The Connecticut marijuana legalization bill was hastily rewritten Monday night to strike language that would have given preference for a cultivation license to at least one former medical marijuana investor if he partnered with an urban applicant lacking expertise and capital.
The language was sought by Sen. Douglas McCrory, D-Hartford, who said his intention was to match an experienced and deep-pocketed player with a “social equity applicant,” someone from a neighborhood disproportionately harmed by the war on drugs.
“It’d almost be like a mentor-type relationship,” McCrory said. “By doing that, everyone wins.”
Whatever the motivation, the next-to-last provision in a 297-page draft released over the weekend quickly drew questions, then vehement objections, from the office of Gov. Ned Lamont and House leaders.
It would have allowed a “former backer of a producer” to obtain a cultivation license “without being subject to a lottery” if partnered with a social-equity applicant. The fee for a cultivation license will be $3 million.
“That was a glaring issue for me,” said House Minority Leader Vincent J. Candelora, R-North Branford. “We don’t typically write legislation to benefit an individual. Clearly that provision was benefitting an individual, and I don’t know who that individual is. But it gave me grave concern.”
House Speaker Matt Ritter, D-Hartford, said Candelora flagged the provision, prompting a cascade of calls and meetings, first with the governor’s chief of staff, Paul Mounds, and legal counsel Nora Dannehy. The immediate question: Was the language written with one investor in mind?
Theoretically, the provision could have applied to anyone who had been an investor in Connecticut’s medical marijuana business then cashed out. But lawmakers said they settled on Theraplant or one of its investors as a likely beneficiary, once learning its owners had a sales agreement and were cashing out.
“We wanted the governor’s office to look at it. We brought them in. We communicated to the Senate that after talking to the Republicans, there was a feeling that this was a provision that they felt could have broad applicability — or could have very narrow applicability,” Ritter said.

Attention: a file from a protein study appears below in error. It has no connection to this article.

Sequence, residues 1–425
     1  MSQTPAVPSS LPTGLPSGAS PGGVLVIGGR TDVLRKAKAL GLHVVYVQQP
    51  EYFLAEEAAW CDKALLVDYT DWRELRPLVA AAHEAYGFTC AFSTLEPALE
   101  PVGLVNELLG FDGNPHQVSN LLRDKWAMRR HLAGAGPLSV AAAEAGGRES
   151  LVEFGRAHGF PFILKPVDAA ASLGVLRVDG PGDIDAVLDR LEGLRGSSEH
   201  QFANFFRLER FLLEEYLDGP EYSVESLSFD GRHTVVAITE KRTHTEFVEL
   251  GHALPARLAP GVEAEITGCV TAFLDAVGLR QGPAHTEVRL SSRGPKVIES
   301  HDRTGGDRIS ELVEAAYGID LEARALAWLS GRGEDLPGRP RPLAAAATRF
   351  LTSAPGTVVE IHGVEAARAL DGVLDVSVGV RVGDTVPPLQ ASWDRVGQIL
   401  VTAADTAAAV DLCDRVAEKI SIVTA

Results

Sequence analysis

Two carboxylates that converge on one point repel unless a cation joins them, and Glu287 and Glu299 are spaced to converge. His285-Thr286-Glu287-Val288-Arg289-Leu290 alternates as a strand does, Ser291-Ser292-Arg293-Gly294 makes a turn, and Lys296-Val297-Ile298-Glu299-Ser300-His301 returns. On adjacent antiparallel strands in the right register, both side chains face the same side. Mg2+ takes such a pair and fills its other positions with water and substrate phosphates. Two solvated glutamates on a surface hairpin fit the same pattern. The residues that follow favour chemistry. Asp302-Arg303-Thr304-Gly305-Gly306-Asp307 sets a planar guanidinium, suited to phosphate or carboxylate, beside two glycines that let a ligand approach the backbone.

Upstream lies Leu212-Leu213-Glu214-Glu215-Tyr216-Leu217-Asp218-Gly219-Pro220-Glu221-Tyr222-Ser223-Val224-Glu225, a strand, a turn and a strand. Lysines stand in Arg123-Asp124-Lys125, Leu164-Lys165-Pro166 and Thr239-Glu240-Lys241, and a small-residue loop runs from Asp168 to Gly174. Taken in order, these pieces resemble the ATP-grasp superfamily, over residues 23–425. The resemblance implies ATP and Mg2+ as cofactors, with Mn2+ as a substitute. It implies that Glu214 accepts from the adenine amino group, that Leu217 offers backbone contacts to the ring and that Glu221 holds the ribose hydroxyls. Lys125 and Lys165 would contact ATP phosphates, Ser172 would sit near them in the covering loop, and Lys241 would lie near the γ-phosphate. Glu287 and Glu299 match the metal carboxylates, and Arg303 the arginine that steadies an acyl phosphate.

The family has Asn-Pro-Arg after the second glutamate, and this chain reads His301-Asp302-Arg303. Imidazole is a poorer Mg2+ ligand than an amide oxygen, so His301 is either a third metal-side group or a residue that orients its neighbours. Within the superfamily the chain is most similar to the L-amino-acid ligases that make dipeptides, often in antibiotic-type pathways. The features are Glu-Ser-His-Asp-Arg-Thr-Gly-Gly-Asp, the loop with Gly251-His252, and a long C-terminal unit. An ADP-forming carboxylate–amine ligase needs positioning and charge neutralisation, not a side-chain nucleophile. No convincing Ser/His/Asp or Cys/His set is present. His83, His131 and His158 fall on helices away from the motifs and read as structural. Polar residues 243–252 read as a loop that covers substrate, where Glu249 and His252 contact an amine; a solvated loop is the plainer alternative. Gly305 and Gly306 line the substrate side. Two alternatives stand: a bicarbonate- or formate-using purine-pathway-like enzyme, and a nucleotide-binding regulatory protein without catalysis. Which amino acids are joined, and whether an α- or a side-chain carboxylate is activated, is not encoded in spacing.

House Majority Leader Jason Rojas, D-East Hartford, and Sen. Gary Winfield, D-New Haven, who led the Black and Puerto Rican Caucus working group that produced the bill, met with Mounds later Monday. All later said they agreed the language had to be struck, even as McCrory continued to demand it remain in the bill.
Defining in law who should benefit from the new business was one of its thorniest issues. Without naming McCrory, Rojas said he had deferred to the Senate in including the provision. But Rojas said he had questioned whether it actually would have promoted social equity — and then was alarmed to learn it appeared directed at one entity, Theraplant of Watertown.
“I felt strongly that the language needed to be removed from this bill before it could be considered by either chamber,” Rojas said.
While an association of the four medical marijuana growers in Connecticut has one lobbyist, Theraplant also was represented by at least two lobbyists, Patrick Sullivan of Sullivan & LeShane and Marc DiBella, the Democratic town chair of Hartford.
Sullivan hung up when called for comment, later texting that he was not a spokesman. Brian Flaherty, who runs the firm’s public-relations affiliate, had no comment on behalf of the lobbying firm or its client, Theraplant. DiBella said he was not authorized to speak for his client.
Greenrose Acquisition Corp. disclosed an agreement in March to purchase Theraplant, one of several purchases of cannabis growers in several states that already had legalized recreational marijuana.
The Senate, which began debate Monday night, was expected to pass and send the bill to the House.
With the House scheduled to devote Tuesday to passage of the state budget, the marijuana bill was unlikely to come to a vote in the lower chamber until Wednesday, the final day of the session.
Candelora said the bill will get close scrutiny in the House.
“There is a lot of money at stake,” he said. “There’s a lot of greed. And there’s a lot of people at the table. And I think that process needs to be opened up and more transparent to the legislature. Dropping a 300-page document three days before we’re gaveling out to vote on a bill that’s doling out multimillions of dollars is very dangerous.”